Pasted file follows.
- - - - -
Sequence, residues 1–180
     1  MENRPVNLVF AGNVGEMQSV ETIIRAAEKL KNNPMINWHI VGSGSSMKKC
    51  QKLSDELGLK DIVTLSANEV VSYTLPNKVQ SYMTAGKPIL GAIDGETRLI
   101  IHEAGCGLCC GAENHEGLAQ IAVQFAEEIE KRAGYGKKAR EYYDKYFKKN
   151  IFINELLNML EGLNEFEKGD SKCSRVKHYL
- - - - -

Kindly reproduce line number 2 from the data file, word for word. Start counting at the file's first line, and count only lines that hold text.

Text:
     1  MENRPVNLVF AGNVGEMQSV ETIIRAAEKL KNNPMINWHI VGSGSSMKKC